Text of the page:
Those Commercial Crew missions presently remain in flux, with the unpiloted test-flights of SpaceX’s Crew Dragon and Boeing’s CST-100 Starliner targeted for launch in August 2018, followed by piloted test-flights at year’s end or, more likely, in the first quarter of 2019. Although veteran NASA shuttle and ISS flyers Eric Boe, Doug Hurley, Sunita Williams and former Chief Astronaut Bob Behnken were assigned to the test-flight program in July 2015, it remains to be seen which missions they will actually fly.
“The specific flight assignments for the first Commercial Crew flights haven’t been made yet,” Ms. Dean told AmericaSpace, “but it is not a given that the four “commercial crew cadre” members will be on the first two flights—they may be spread among the first several flights. At this point, everyone has been participating in work on both vehicles and they’ll start focusing on one or the other once they’ve been assigned to a specific flight. And there is a certain amount of space station training that everyone will need, as well.”
Originally, both piloted test-flights were baselined at a duration of about 14 days, but earlier this year Boeing’s contract was modified to permit a longer mission of up to six months. “NASA updated its Commercial Crew transportation Capability (CCtCap) contract with Boeing [on] 30 March,” NASA’s Stephanie Martin told AmericaSpace. “The update includes the ability to extend Boeing’s Crew Flight Test from roughly two weeks to up to six months, as well as the training and mission support for a third crew member. Expanding the original scope of the test-flight needs additional careful technical review by NASA and Boeing. The new capability can allow the docked duration of the spacecraft and, more importantly, the critical additional crew, to remain on-orbit for a longer period of time to enable additional microgravity research, maintenance and other activities.”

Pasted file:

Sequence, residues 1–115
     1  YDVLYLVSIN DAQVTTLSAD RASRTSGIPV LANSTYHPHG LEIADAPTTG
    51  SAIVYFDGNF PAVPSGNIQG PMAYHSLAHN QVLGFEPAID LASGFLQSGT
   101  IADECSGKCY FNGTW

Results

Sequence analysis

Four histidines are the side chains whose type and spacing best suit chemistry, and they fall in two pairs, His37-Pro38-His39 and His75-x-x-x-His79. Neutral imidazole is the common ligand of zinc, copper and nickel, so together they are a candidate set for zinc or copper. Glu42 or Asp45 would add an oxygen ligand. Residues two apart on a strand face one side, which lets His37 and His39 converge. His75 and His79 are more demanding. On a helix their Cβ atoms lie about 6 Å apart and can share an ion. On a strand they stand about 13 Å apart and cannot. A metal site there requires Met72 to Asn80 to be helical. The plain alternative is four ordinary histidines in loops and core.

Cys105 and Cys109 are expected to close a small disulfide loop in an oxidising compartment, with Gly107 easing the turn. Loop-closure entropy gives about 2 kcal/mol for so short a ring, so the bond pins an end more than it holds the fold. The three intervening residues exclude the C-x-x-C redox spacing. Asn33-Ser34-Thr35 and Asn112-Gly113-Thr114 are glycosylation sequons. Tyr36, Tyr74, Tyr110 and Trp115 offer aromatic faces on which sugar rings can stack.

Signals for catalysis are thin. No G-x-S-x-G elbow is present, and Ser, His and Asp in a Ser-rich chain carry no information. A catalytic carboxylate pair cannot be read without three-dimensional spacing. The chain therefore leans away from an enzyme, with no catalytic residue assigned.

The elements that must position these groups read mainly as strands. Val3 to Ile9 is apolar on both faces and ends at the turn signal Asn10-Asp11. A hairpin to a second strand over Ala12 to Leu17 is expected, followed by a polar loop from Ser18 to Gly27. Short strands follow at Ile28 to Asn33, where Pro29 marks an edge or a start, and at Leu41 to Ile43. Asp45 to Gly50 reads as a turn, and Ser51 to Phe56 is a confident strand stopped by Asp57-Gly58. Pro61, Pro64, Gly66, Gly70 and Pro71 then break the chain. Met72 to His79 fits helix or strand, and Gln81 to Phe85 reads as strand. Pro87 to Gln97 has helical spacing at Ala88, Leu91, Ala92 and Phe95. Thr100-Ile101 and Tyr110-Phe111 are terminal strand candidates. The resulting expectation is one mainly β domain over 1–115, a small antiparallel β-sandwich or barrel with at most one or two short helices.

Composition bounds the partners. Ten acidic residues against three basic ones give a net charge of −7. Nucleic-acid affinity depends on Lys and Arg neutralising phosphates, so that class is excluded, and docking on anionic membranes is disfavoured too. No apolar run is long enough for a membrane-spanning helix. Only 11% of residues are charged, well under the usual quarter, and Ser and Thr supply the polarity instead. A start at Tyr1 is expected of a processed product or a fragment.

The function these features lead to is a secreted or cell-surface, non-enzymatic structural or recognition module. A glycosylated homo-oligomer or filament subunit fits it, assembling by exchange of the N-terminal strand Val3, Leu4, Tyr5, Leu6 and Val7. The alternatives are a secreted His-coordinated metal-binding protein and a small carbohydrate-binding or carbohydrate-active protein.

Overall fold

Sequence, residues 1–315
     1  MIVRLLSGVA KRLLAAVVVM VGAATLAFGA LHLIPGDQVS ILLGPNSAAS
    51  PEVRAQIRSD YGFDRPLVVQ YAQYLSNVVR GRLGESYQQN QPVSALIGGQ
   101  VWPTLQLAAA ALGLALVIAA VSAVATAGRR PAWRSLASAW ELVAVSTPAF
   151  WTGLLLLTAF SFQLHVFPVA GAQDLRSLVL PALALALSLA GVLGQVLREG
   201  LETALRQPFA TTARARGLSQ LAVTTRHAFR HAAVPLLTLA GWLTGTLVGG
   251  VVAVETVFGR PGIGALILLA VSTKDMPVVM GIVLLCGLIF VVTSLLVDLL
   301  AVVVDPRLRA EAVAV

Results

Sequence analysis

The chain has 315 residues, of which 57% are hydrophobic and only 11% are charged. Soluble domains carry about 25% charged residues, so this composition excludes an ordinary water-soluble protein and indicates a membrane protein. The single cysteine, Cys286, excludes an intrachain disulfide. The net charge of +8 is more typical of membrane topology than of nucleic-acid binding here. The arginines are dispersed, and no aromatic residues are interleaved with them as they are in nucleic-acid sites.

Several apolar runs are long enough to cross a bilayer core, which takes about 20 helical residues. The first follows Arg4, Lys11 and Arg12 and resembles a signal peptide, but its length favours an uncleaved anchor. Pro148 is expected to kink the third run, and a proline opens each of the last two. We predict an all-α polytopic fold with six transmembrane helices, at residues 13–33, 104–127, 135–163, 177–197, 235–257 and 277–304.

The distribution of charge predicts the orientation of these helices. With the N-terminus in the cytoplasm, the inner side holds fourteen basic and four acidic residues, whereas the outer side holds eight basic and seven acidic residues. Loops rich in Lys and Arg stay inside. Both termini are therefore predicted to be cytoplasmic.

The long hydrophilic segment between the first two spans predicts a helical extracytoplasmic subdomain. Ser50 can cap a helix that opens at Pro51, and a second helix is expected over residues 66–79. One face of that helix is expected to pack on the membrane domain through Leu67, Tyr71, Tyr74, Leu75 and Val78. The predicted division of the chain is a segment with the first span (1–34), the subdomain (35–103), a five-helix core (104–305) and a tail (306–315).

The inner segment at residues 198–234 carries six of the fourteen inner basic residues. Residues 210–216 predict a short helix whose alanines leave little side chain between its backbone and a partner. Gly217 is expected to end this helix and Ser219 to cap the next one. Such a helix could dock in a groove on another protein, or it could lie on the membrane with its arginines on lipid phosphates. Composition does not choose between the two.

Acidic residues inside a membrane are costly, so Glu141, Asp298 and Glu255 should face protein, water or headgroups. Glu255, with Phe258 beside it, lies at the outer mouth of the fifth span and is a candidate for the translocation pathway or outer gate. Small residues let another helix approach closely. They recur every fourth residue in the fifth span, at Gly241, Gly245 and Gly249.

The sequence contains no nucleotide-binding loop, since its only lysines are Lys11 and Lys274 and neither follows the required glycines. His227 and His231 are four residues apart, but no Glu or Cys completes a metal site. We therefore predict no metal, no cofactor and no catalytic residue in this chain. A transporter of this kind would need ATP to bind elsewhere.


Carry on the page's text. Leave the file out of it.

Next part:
Current plans are for the Crew Dragon test-flight to remain at two weeks in length. “If SpaceX also submits a proposal to extend their stay on station during their flight-test with crew, the agency will review it through the normal procurement process, as NASA did for Boeing,” added Ms. Martin.
Primary objectives of both test-flights are to validate spacecraft systems. “During the demos, crew members will have the ability to interface with spacecraft displays and controls, communicate with mission control and the space station, monitor the spacecraft’s largely autonomous rendezvous, docking, and re-entry capabilities and assess on-orbit functions for crew health and hygiene,” Ms. Martin told AmericaSpace. “After successful completion of the flight tests with crew, NASA will review flight data to verify the systems meet certification requirements and are ready to begin regular servicing missions to the space station.”
After the piloted test-flights, the plan for Post-Certification Missions (PCMs)—which will operationally rotate ISS astronauts and cosmonauts and create the capability to increase the ISS long-duration crew from six to seven permanent members—also remains in flux, although it is expected that the first U.S. Crew Vehicle (USCV-1) will fly as a SpaceX Crew Dragon as early as April 2019. This spacecraft, the contract for which was awarded by NASA back in November 2015, is expected to include two crew members and remain docked at the station for about a month, with USCV-2, utilizing Boeing’s CST-100 Starliner, slated to launch in May 2019 for a full six-month docked period. This will be Boeing’s first PCM and its contract was awarded back in May 2015. Another mission, USCV-3, featuring the second PCM of a Crew Dragon, is targeted to loft four crew members as early as November 2019. Upon arrival at the space station, these additional astronauts and cosmonauts will fold into the incumbent ISS crews.